Chapel Hill High School and Chapel Hill Junior High were on Franklin Street in the same location as University Square until the mid 1960s.



The Colonial Drug Store at 450 West Franklin Street was owned and operated by John Carswell. It was famous for a fresh-squeezed carbonated orange beverage called a "Big O". In the early 1970s, I managed the Record and Tape Center next door, and must have had over 100 of those drinks. The Colonial Drug Store closed in 1996.



Sutton's Drugstore, which opened in 1923, has one of the last soda fountains in the South. It is one of the few businesses remaining on Franklin Street that was in operation when I was growing up in the 1950s.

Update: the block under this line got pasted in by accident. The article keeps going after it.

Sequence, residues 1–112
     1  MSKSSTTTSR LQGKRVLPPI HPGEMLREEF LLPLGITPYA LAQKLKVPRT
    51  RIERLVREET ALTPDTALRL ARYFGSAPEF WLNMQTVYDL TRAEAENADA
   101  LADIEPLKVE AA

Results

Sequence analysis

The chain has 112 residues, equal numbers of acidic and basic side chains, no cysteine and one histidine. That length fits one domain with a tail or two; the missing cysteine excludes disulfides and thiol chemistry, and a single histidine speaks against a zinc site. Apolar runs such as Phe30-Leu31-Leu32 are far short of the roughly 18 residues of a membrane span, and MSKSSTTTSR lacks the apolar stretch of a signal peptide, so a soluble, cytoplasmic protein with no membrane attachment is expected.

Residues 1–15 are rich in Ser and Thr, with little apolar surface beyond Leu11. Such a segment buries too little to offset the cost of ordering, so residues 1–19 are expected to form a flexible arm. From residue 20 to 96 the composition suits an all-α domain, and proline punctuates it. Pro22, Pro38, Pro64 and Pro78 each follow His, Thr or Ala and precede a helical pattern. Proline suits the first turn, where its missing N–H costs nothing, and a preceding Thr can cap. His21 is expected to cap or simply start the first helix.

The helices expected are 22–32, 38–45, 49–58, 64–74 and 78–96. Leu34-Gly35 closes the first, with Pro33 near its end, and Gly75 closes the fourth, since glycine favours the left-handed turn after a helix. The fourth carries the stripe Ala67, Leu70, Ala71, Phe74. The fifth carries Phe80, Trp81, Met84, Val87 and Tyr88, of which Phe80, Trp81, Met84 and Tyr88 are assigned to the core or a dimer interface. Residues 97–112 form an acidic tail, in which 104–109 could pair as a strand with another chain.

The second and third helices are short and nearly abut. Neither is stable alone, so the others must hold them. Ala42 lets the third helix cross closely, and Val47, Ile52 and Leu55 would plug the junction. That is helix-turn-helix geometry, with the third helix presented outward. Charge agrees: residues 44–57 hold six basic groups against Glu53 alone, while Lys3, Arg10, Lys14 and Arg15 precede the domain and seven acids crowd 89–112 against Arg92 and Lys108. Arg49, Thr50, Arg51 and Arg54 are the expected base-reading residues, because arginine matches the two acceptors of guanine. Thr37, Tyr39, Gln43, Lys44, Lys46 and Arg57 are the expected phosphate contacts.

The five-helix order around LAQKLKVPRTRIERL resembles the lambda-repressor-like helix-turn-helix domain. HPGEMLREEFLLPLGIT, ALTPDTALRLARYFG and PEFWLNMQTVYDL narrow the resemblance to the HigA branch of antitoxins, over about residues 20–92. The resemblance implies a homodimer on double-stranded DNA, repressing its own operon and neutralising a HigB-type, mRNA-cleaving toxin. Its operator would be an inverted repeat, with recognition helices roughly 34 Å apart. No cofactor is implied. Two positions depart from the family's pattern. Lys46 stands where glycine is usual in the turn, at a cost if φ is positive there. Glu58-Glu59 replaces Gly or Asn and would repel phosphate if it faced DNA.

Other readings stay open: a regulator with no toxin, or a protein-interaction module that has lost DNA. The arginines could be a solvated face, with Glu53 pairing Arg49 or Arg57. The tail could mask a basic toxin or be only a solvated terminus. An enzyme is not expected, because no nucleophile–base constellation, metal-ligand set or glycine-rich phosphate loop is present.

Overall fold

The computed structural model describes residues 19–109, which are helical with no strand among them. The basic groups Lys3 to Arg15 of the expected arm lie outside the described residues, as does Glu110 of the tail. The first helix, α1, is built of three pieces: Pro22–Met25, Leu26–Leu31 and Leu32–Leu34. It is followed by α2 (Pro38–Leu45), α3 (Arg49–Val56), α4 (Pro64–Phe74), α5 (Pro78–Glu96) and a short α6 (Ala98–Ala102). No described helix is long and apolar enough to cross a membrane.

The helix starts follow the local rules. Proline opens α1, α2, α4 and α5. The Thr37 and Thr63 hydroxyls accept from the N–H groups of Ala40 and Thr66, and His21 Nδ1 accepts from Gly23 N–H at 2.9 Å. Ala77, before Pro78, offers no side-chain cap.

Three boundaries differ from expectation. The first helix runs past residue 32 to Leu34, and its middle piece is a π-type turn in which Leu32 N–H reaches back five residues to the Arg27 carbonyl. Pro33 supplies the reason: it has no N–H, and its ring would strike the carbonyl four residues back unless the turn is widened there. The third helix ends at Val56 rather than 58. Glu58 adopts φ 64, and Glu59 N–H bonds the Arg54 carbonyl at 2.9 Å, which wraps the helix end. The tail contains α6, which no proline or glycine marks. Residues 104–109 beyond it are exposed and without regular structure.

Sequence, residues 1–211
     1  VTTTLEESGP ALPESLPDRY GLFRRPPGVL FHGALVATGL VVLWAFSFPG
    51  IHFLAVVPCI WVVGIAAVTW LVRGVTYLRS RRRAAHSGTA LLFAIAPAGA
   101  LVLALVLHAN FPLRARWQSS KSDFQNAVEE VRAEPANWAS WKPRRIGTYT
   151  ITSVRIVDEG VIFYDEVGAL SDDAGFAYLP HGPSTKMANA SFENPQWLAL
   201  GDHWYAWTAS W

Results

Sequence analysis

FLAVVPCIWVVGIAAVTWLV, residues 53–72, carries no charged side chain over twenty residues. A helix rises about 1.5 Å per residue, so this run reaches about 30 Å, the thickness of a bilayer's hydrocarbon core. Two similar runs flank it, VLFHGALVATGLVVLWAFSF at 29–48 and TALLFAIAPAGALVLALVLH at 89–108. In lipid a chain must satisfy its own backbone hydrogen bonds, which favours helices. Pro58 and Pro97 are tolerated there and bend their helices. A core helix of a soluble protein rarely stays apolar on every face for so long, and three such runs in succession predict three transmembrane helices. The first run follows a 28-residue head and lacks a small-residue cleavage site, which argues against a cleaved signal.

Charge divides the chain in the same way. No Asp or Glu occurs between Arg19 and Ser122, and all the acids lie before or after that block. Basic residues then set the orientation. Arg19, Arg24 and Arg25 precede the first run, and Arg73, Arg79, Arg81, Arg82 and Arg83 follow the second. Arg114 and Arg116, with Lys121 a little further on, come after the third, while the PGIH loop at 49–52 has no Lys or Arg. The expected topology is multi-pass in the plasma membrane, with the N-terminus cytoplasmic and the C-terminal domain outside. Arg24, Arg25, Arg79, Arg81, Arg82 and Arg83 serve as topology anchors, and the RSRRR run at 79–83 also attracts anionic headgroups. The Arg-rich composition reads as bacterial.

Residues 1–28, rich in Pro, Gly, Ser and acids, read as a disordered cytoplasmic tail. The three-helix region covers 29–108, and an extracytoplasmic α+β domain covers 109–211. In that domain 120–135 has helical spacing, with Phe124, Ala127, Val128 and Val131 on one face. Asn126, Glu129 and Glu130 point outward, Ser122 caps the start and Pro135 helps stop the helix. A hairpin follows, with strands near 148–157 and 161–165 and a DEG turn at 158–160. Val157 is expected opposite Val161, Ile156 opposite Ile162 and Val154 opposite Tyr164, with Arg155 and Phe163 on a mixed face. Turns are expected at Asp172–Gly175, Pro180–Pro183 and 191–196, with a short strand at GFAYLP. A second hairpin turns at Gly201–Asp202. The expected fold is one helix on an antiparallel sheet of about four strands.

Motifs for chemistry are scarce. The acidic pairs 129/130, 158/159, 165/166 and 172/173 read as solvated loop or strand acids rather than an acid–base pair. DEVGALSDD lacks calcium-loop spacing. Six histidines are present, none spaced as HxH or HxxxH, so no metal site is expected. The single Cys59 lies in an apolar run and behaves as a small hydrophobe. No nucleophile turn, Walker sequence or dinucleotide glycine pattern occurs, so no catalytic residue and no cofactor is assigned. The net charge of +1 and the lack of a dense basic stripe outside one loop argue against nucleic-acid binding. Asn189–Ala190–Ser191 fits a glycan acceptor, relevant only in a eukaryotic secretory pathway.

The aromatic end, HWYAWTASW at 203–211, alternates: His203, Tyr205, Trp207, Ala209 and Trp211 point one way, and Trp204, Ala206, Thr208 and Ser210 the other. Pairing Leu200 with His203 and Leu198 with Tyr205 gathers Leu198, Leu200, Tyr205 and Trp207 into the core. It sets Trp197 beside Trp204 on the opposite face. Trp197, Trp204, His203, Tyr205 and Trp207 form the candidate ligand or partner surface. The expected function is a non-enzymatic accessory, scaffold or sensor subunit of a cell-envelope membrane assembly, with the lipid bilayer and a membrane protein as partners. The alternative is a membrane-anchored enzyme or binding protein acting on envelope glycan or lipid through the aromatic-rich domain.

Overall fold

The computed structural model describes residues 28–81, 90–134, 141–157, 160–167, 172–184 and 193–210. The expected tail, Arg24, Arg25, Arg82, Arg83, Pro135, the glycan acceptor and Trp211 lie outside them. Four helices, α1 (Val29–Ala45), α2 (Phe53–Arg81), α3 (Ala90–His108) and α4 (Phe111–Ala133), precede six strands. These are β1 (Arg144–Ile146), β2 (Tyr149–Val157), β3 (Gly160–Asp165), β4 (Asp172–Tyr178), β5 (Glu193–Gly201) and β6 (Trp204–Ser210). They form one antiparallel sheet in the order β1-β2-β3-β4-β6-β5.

Future President Gerald Ford lived in Chapel Hill twice. First when he was 24, in 1938, he took a law couse in summer school at UNC. He lived in the Carr Building, which was a law school dormitory. At the same time, Richard Nixon, the man he served under as Vice President, was attending law school at Duke. In 1942, Ford returned to Chapel Hill to attend the U.S. Navy's Pre-Flight School training program. He lived in a rental house on Hidden Hills Drive.